Written by By Dr. Sumira Riaz and Steve Clark on Tuesday 5th September 2023
Let’s frame this discussion based on people diagnosed and living with cancer. On a populational group and individual level, their experiences may seem similar – all are living with a type of cancer, going through treatment, and adapting to life with this diagnosis. However, below surface level, there are significant individual differences, such as earlier experiences, societal influences, beliefs (cultural and environmental), perceptions, cognitive schema, relationships with their healthcare team, family, responsibilities; the list is endless.
Over the years, research has stated that those who have a positive approach to their treatment plan have lower rates of rehospitalization and better quality of life than those who may have developed an unconscious negative view of their treatment plan. The power of positive thinking and acceptance contributes to the placebo effect – the belief that a treatment will help – which can be as effective as medical intervention. Interestingly, we are learning that the opposite can also be true, coined as the “nocebo effect”.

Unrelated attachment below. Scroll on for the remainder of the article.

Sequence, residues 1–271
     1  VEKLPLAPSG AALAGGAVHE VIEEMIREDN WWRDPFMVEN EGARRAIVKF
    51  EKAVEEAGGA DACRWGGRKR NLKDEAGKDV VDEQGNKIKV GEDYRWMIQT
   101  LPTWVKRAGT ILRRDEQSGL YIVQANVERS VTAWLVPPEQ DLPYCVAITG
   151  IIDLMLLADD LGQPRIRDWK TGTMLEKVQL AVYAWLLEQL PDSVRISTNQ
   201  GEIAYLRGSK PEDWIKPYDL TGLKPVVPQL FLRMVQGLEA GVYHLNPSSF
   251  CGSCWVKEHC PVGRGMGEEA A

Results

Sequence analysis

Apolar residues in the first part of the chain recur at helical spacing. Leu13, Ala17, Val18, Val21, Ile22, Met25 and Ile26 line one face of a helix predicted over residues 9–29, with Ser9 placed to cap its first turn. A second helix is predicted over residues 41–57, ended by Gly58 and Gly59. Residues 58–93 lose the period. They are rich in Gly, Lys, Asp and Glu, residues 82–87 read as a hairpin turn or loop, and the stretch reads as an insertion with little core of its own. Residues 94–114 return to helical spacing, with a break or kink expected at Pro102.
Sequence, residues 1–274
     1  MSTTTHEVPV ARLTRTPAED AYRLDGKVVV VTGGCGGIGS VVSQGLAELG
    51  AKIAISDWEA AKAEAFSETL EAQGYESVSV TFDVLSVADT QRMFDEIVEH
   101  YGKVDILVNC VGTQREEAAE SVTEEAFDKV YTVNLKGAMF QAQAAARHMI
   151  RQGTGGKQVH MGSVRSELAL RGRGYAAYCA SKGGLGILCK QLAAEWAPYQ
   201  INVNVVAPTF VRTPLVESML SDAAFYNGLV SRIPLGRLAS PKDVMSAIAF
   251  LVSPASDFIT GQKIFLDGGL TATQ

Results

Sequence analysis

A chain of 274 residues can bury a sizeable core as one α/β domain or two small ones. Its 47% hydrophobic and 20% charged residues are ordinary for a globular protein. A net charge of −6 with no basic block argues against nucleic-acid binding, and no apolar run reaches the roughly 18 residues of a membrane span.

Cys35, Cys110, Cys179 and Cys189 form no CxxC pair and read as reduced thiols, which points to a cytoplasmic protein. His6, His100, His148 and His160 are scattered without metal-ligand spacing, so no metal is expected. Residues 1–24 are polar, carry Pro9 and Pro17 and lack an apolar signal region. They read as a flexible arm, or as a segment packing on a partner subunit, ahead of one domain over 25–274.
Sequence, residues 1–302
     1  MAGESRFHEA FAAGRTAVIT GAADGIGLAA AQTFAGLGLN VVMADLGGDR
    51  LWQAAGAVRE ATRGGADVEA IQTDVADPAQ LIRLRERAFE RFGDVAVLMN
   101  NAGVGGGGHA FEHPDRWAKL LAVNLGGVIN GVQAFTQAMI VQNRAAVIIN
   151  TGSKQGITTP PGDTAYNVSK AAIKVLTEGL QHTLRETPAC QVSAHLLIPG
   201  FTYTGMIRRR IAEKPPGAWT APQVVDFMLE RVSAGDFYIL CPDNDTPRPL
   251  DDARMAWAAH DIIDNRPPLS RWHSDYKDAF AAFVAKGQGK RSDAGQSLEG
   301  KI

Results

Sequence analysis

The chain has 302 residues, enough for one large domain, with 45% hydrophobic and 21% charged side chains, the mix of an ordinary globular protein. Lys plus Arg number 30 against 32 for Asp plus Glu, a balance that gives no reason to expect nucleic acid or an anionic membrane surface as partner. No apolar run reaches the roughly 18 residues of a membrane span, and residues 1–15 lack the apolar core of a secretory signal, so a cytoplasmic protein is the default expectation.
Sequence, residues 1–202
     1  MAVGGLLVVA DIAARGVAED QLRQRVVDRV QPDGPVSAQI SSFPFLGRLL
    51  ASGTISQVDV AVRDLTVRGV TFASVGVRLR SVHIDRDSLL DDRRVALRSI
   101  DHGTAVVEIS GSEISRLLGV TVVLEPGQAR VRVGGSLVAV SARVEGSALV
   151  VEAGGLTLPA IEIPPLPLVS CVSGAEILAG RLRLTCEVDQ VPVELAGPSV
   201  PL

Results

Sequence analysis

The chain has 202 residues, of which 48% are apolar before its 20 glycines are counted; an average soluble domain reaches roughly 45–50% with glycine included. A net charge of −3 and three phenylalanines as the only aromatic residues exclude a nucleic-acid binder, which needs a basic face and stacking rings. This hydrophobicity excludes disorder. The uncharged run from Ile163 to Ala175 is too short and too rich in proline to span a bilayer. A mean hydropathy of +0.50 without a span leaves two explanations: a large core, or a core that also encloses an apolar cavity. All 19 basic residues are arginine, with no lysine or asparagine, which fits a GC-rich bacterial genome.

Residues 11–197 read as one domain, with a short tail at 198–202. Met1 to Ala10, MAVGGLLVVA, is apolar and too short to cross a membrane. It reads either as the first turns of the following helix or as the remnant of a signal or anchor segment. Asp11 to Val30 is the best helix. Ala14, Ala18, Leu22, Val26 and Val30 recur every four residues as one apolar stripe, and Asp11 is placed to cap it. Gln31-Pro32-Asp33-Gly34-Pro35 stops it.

The nocebo effect is described as a phenomenon “causing patients to develop side effects or unwanted symptoms, or reject treatment, due to the belief that the medical intervention will cause harm.” In other words, an individual’s pre-existing experiences and beliefs, including the environmental influences they are exposed to, can influence their outcomes.
If you're interested in delving deeper into this topic and understanding how patient engagement can effectively navigate the nocebo effect, we invite you to explore our latest whitepaper. The objective of this discussion is to encourage healthcare professionals to dive deeper and understand their patients pre‑existing schema, which is likely to predict how the patient will behave once they are outside the consultation room. Unlock the full whitepaper below to gain a deeper understanding of this crucial aspect of patient care.